Some members of the CU Faculty Council say the university’s educators have historically been underutilized in the university’s fundraising mission, and CU Vice President of Advancement Kelly Cronin says that will change.
Cronin, who joined CU last year to lead the university’s revamped fundraising efforts, spoke to the council at its May 8 meeting at 1800 Grant St.
“I started Sept. 1, and it has been a whirlwind – changing a culture that was pretty apathetic,” Cronin said. “We’re working really hard to change that.”
During a question-and-answer session with Cronin at the meeting, CU Anschutz Medical Campus Faculty Assembly Chair David Port said one thing in need of change is an under-reliance on faculty when fundraising officers are engaged with donors.
“It comes up all the time at our campus, where there’s a long history of foundation people not using the people inventing the technology to the best effect,” Port said. “If you don’t have the scientist or engineers or clinicians helping to sell the technology, you’re missing out.”
“You couldn’t be more correct,” Cronin replied. “We can talk about the science … but you’re the experts.”
Pam Laird of CU Denver echoed what Port said.
“People like stories – and historians are really good at telling stories,” Laird said. “Nobody from fundraising ever asked us to tell a story. One of the things I appreciate with the transition in (advancement) is that we’ve had a whole lot more success in getting folks in the development office to listen to us.”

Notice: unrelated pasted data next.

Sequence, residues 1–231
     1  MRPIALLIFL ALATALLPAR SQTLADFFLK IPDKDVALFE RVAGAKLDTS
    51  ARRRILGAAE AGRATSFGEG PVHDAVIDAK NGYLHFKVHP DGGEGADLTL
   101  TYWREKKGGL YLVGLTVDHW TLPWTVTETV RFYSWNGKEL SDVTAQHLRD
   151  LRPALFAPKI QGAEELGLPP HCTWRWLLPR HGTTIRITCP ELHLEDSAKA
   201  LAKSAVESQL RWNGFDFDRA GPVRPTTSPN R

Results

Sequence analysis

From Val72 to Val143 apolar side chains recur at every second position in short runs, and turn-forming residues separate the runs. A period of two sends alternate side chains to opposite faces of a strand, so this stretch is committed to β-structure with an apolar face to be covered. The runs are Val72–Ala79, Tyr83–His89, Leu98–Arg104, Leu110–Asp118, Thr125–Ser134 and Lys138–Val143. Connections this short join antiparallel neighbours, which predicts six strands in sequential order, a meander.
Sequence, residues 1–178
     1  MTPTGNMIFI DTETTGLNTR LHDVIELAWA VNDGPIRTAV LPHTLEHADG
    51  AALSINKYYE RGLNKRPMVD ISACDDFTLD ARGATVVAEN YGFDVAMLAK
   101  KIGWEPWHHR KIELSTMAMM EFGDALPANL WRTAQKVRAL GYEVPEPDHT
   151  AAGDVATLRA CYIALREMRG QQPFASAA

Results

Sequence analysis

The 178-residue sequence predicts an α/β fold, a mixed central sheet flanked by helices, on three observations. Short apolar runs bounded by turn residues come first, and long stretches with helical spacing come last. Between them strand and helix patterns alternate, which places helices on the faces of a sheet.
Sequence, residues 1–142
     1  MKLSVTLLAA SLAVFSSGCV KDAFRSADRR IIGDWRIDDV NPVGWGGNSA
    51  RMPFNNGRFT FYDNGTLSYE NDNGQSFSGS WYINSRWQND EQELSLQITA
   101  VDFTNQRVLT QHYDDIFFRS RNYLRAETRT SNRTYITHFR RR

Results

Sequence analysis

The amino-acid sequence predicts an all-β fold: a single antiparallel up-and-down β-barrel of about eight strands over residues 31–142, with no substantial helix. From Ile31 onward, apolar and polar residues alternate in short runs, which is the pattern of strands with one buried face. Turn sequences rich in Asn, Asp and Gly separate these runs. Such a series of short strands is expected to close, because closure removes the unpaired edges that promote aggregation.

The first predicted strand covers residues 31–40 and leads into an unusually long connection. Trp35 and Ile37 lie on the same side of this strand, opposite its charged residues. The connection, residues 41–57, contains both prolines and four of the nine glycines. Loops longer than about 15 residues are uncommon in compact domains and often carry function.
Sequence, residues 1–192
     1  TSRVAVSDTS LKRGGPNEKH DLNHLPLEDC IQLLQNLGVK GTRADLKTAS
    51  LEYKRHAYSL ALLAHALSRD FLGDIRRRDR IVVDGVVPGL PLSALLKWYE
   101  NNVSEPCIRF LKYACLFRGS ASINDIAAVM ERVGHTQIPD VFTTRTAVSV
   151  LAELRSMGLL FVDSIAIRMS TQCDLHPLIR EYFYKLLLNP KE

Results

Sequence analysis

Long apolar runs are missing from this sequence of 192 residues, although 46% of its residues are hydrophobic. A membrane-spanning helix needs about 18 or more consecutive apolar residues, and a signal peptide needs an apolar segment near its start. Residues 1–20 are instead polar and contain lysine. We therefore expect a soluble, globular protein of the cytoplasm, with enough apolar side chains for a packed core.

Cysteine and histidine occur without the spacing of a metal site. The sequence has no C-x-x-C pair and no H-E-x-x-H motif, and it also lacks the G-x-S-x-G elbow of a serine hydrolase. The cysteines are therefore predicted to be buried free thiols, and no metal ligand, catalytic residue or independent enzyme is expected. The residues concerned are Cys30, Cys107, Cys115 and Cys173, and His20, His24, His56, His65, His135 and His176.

Cronin said her office has begun the process of providing basic training to its development officers, and that it plans to provide training, from basic to advanced, for any interested faculty and staff.
Cronin told the council that all faculty members should be familiar with a development officer on their campus. “If you don’t know your development officer, please let me know, because it would mean they’re not getting out to meet with our academic partners.” She invited faculty to call or email her with any questions.
In other business at last week’s Faculty Council meeting, the last of the academic year:
- The council gave its approval to several proposed changes to Administrative Policy Statements pertaining exclusively or partly to faculty. The changes are slated to take effect July 1.
- During his report to the council, Dan Montez, director of the Office of Policy and Efficiency, said the President’s Task Force on Efficiency will be exploring the current administrative burden on faculty, which a recent survey indicated has grown worse over the past five years.